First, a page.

Area homeless survey could help secure grant funding, aid

Posted: January 31, 2014

The Winchester Star

ABOVE: Dale Marchant, 21, sits inside the nonprofit group Congregational-Community Action Project building on North Kent Street on Thursday afternoon. Marchant is homeless and he and others use the facility as a place to stay warm during the day. BELOW: Hats and socks are shown at a Winchester Area Temporary Thermal Shelter (WATTS) in 2012. Homeless Coalition of the Northern Shenandoah Valley volunteers conducted a count at a WATTS shelter Thursday to try and estimate the local homeless population. (Photo by Scott Mason/The Winchester Star)
Jeff Burke, of Front Royal, has taken in a homeless man from Winchester to live in his home. Burke is shown standing in front of the Congregational-Community Action Project (C-CAP) building on South Kent Street on Thursday. (Photo by Scott Mason/The Winchester Star)

WINCHESTER — A survey of the area’s homeless population could help secure grant funding and other assistance for those individuals.

About 10 volunteers with the Homeless Coalition of the Northern Shenandoah Valley conducted a Point-in-Time count Thursday night at the Winchester Area Temporary Thermal Shelter (WATTS). The survey is a snapshot of the current homeless population, according to Oscar Cerrito-Mendoza, the point of contact for Winchester and Frederick and Clarke counties.

“What we do is we count the sheltered and unsheltered individuals,” he said Thursday.

“The shelter individuals are counted by the shelters and we go to soup kitchens and other places where they might have temporary shelter.”

Cerrito-Mendoza said he isn’t sure how many homeless people were determined to be in the area in last year’s count.

The volunteers gave homeless persons a six-page survey to fill out with information that included where they slept the night before, how long they have been homeless, demographic information, health information — if they have chronic illnesses, physical or mental health issues or substance-abuse problems — according to Cerrito-Mendoza.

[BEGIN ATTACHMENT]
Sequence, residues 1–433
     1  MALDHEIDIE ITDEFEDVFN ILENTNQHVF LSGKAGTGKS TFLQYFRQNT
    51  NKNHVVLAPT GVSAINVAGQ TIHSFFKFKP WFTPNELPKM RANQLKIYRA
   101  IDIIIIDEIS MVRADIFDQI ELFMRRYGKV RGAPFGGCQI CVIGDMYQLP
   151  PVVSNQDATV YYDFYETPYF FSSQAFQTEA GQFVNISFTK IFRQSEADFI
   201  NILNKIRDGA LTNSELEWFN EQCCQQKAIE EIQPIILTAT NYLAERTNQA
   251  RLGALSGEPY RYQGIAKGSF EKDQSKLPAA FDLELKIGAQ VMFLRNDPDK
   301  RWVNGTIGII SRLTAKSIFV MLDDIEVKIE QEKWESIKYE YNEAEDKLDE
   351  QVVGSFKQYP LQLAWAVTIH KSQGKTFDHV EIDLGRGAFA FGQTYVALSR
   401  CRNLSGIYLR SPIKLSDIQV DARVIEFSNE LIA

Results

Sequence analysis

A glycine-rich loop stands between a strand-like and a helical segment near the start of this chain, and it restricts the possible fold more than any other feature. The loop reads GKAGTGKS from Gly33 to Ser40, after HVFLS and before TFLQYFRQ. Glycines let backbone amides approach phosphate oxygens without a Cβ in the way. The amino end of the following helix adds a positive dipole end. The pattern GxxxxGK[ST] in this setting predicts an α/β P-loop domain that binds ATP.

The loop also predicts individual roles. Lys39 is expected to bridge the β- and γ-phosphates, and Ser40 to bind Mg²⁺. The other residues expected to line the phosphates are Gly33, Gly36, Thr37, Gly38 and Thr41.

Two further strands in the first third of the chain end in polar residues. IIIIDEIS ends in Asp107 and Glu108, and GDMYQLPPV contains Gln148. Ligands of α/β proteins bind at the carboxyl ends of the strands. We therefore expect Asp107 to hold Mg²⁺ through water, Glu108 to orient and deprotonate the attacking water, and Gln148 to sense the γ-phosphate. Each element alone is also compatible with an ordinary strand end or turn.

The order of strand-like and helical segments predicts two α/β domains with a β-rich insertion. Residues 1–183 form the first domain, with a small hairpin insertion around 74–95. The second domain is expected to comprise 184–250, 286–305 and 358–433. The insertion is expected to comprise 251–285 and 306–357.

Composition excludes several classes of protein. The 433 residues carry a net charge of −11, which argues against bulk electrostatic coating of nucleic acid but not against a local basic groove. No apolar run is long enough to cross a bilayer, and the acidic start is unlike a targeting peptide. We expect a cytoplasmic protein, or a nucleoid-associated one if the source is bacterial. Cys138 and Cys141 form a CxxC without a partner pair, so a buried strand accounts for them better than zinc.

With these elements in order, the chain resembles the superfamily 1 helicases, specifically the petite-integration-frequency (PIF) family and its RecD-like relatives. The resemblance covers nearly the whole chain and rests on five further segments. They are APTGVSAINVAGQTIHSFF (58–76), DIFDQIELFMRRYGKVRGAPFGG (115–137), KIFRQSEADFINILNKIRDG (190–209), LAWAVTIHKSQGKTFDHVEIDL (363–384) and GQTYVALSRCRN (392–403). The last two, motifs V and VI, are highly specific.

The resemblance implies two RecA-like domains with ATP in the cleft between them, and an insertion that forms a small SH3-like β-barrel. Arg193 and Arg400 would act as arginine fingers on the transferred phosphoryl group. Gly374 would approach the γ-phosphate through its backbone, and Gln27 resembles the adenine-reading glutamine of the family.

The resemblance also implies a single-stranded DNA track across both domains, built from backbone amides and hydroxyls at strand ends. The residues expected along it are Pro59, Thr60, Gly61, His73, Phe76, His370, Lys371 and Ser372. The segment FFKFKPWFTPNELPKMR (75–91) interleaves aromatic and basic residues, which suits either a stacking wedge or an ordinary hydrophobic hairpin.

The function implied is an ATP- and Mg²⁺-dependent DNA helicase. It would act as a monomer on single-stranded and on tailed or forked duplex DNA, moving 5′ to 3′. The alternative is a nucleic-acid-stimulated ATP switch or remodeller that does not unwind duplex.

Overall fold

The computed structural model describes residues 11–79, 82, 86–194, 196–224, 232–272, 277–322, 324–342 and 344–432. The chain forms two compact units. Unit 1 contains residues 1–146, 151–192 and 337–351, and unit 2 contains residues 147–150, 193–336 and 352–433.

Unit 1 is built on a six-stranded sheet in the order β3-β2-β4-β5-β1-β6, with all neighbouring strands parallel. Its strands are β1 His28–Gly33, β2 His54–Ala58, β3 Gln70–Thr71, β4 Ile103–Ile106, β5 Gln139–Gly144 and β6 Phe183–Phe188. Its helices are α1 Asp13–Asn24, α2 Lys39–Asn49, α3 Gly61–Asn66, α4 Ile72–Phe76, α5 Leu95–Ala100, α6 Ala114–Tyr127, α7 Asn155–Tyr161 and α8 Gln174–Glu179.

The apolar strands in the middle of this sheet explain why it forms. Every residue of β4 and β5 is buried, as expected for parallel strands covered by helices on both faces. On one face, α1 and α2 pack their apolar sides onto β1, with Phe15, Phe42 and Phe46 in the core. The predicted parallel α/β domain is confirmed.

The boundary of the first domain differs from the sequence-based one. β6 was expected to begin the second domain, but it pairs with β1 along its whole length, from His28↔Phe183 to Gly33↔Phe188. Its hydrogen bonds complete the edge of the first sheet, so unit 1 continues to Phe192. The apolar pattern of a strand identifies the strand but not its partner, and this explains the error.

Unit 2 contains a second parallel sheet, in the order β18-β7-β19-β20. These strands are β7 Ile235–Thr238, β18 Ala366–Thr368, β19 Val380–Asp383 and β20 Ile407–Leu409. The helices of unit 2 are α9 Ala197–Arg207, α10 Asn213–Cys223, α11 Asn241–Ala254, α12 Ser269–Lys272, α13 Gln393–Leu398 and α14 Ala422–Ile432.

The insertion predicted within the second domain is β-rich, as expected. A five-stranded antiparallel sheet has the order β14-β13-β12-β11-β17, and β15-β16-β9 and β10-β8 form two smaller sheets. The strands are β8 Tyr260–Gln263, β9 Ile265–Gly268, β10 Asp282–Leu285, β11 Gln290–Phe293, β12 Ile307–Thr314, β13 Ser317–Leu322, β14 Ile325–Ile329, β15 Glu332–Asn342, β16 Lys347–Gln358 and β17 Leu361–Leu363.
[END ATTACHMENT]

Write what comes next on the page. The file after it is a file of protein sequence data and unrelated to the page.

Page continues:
“We have to know our population to be able to submit for grant funding [and other aid],” he said. “Homelessness in our area is something people don’t think about, [but] it’s an issue we need to tackle and pay attention to. People need homes to survive.”

The Point-in-Time results must be turned in to the Homeless Coalition by next week.

Fran Ricketts, director of the Winchester-based nonprofit group Congregational-Community Action Project (C-CAP), said Thursday that she doesn’t believe the count is an effective way to gain information about the homeless population.

Ricketts estimated there are at least 800 homeless persons in the area and said that the Point-in-Time counts can underplay the number of people without homes.

Employment opportunities and shelter are two of the main needs for the area’s homeless, she said.

“We need more shelters that can take in families,” she said. “What do we do with a mom and dad and three children? ... We have people in tents trying to survive because there’s no place to go. We need more shelter for families and just shelter in general.”

Neither Winchester nor Frederick County operates or maintains temporary or permanent homeless shelters.

Dale Marchant, 21, said Thursday that he’s been homeless in Winchester for the last year. He typically goes to C-CAP or the Handley Regional Library during winter days to stay warm and then to the WATTS program at night.

“[People say] there is no homeless problem in Winchester, but if they got out more often they would see that there is a problem in Winchester,” he said. “We’ve got homeless people.”

Marchant added that he would like to see the city build or provide a shelter — at least during the winter — so that he and others wouldn’t be exposed to the elements.

Jeff Burke, 29, of Front Royal, took in a homeless man from Winchester in mid-summer and has let him stay with him and his family since so he can try to get back on his feet. He also said the area needs a shelter to accommodate the homeless, especially in winter.

“They’ve got to leave the shelters [in the mornings] and it’s dead cold,” Burke said. “They should definitely build a very big — like a warehouse-style facility — and just put beds in it. That’s it, that’s all they need ... just beds and heat.”

Results from the Point-in-Time count are expected to be available within the next couple of months, according to Cerrito-Mendoza.

— Contact Matt Armstrong at